Concurrent Resolutions - A concurrent resolution is used to accomplish the same purpose in relation to the entire General Assembly that a simple resolution accomplishes for either the House or Senate singly. A concurrent resolution adopted by the General Assembly does not become a law, nor does it have the force and effect of law, nor can it be used for any purpose that requires the exercise of legislative power. It may create a joint task force.
Joint Resolutions - A joint resolution is the most formal type of resolution. It has legal effect when it is passed by both Chambers and signed by the Governor. A joint resolution is not a law but is used to employ temporary measures and has the force of law while in effect. Disagreement exists if a joint resolution extends beyond the General Assembly that enacted it.
Legislation is sent back to committee, the ready list, or to the other Chamber.
Names of the members, called in alphabetical order, used to establish a quorum or take a vote on legislation or a motion before the Chamber.
Rules of Each House
The parliamentary rules or procedure adopted by each Chamber to govern its legislative conduct and action.
Ruling of the Chair
The decision of the presiding officer on a point of order or procedure.
Secretary of the Senate
The chief administrative officer of the Senate who is elected by that body. The Secretary of the Senate is not a Senator, but is a full time staff official whose duties and status are equivalent to the Clerk of the House.
Consists of 21 members. Each decade a Senator is elected to two 4 year terms and one 2 year term (with the 2 year term either at the beginning or end of each decade to allow for staggered terms) so as to allow for redistricting following the federal census. The Senate is responsible for confirming the Governor’s appointments.
The regular period of time during which a legislative body conducts business.
The requirement in Article II § 10 of the Delaware Constitution that no bill or joint resolution may pass a Chamber without the concurrence of a majority of all the members elected to that Chamber. Majority means at least one more than half of all the members elected.
Speaker of the House
The presiding officer of the House. The Speaker is a member who is elected to the position by a majority of the members elected to the House to run the mechanics of the House, including appointing committees and their members and assigning legislation to committee.
A legislator who introduces or supports legislation and whose name is attached to the legislation.
Prime Sponsor - The originator of legislation. Legislation can only have one prime sponsor. This person introduces the legislation, shepherds it through committee and is responsible for floor managing it in his or her Chamber.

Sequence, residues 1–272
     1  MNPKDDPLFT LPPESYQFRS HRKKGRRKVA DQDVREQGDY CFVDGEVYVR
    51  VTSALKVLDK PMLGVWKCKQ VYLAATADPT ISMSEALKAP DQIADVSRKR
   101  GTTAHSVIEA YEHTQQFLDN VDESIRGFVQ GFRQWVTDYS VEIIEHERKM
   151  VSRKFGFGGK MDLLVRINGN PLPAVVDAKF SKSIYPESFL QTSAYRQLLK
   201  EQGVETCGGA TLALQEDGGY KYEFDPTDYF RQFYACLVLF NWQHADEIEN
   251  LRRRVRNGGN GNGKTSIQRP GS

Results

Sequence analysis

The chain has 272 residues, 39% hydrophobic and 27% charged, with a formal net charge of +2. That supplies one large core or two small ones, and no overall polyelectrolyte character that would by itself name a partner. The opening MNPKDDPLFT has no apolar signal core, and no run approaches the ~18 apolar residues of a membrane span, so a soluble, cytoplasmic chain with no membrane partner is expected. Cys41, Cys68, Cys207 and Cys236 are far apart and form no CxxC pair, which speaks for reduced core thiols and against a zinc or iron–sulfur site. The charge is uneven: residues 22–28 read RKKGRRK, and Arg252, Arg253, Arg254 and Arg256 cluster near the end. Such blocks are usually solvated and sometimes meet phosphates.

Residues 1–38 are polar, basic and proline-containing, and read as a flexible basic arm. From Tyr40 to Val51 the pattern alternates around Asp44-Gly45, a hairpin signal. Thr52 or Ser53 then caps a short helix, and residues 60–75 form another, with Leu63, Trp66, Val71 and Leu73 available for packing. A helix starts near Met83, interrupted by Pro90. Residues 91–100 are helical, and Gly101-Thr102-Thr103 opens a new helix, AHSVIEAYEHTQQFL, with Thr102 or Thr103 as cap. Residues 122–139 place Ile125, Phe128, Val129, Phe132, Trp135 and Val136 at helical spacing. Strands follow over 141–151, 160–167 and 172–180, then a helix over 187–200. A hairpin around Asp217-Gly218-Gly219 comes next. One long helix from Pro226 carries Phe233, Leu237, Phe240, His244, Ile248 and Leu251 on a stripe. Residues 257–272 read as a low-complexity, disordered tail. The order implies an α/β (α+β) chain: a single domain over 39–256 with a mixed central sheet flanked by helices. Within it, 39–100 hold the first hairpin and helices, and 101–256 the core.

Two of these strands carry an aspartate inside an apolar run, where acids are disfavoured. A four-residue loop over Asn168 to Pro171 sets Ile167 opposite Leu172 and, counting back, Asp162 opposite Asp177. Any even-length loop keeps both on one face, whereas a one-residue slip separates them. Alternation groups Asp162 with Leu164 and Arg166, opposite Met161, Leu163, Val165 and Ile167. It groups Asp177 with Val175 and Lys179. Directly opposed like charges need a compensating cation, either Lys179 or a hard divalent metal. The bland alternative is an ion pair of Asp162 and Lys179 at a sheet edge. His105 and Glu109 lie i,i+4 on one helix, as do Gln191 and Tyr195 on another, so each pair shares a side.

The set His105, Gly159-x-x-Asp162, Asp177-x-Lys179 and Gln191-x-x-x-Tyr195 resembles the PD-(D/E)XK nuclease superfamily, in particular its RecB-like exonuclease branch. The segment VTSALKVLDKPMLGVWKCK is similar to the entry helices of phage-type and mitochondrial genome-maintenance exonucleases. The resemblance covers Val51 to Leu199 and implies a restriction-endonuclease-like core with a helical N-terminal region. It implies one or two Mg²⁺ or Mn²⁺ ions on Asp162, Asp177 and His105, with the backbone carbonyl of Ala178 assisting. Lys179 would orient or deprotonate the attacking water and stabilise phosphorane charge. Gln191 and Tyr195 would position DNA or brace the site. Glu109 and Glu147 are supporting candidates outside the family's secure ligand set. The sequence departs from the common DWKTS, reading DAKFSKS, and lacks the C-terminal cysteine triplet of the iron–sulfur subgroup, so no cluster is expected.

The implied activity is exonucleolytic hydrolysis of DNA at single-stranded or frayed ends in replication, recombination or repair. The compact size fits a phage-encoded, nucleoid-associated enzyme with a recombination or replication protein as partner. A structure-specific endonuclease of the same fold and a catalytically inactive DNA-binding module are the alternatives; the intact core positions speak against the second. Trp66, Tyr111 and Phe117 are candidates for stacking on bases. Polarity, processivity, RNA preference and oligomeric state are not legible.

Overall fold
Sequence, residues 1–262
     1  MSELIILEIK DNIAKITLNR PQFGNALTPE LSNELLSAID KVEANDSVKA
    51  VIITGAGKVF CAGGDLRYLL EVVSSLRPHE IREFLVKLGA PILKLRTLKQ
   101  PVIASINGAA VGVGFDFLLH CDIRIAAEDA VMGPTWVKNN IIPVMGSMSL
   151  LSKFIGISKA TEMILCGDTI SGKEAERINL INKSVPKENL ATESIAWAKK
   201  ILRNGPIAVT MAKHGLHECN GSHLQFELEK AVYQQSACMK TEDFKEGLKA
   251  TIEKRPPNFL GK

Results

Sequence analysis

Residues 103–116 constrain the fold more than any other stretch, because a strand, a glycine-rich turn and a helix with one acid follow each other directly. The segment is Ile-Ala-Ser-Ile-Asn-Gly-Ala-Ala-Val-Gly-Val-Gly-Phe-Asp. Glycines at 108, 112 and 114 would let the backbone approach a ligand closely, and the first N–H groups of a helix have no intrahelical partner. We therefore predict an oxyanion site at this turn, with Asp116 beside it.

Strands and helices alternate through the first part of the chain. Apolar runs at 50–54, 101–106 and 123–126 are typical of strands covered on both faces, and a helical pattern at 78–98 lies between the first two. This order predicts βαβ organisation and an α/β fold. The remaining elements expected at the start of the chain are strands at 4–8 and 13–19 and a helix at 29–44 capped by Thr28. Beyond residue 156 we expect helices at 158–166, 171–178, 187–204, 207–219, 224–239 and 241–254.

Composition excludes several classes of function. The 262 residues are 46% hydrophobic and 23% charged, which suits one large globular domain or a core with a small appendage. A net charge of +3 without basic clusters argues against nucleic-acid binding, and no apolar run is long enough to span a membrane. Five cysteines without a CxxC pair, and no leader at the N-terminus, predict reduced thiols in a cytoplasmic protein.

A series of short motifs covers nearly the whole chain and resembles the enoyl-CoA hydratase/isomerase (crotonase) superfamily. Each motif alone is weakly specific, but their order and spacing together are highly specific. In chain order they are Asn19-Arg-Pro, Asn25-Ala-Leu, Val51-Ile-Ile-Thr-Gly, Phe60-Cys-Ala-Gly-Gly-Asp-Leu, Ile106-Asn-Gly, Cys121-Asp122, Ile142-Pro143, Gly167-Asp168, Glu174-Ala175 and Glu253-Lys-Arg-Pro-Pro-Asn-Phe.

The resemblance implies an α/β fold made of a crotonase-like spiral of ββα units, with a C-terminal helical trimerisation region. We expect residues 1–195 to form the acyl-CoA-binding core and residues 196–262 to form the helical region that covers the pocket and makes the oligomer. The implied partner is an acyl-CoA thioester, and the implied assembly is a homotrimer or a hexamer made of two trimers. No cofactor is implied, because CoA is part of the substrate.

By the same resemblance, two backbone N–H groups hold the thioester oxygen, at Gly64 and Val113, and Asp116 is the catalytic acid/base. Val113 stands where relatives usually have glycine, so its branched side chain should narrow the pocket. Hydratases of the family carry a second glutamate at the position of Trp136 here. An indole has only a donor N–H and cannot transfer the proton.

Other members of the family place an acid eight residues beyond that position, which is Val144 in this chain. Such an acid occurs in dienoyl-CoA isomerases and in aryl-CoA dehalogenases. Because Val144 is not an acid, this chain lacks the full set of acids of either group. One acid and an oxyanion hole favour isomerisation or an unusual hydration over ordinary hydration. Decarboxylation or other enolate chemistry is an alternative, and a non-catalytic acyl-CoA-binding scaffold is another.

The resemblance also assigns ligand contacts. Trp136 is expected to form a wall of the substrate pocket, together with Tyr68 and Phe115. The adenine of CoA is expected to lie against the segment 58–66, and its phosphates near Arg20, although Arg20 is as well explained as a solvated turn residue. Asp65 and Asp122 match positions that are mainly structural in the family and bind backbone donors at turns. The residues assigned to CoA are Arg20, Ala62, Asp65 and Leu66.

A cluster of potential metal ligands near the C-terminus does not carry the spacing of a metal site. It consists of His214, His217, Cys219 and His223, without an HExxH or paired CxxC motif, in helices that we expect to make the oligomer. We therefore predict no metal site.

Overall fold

Co-Prime Sponsor – Additional originators of legislation who may have worked with the prime sponsor on the legislation or may assist with shepherding it in the same or the other Chamber.
Co-Sponsor – Additional supporters of a bill.
The written permanent law formally enacted by the legislature.
Legislation removed from the legislative process by the prime sponsor.
A substitute replaces an introduced bill, but keeps the introduced bill’s number and title.
The expiration of a law.
The Delaware constitutional requirement that a specific bill must pass a Chamber with the concurrence of three-fifths, two-thirds, or three-fourths of all of the members elected to the Chamber.
Suspension of the Rules
A majority of all of the members of a Chamber may vote to take an action that otherwise would be prohibited by a rule of that Chamber.
A statement that may include the intent of the legislation, a brief history of why the legislation was introduced, changes to existing laws or a description of the proposed new law, and how the legislation affects current law with its existing rights, liabilities, and proceedings. Because of this level of detail, Delaware courts have held that the synopsis of a bill is a proper source from which to obtain legislative intent.
Tabled in Committee
The decision of a majority of the members of a committee that the legislation should not be released from the committee. The legislation is subject to being petitioned out of the committee.
Legislation holding position on the agenda without being worked; probably awaiting an amendment.
A statement of legislation’s general purpose located at the very beginning of the legislation, in capital letters. The purpose of a title is to provide notice to the public of the subject matter of the legislation and the laws, if any, it affects.
The Governor’s disapproval of a bill passed by the General Assembly. Unless overridden by a three-fifths vote of the total membership of each Chamber, a veto prevents a bill from becoming law.
An oral expression of the members of the House when an amendment is presented. Members respond “aye” or “nay.” The Speaker determines which side prevails. Under House Rule 39(d), any member can request a roll call vote be taken instead of a voice vote.
The minimum number of votes required by the Delaware Constitution for a piece of legislation to pass one or both Chambers (See “Simple Majority” and “Super Majority”).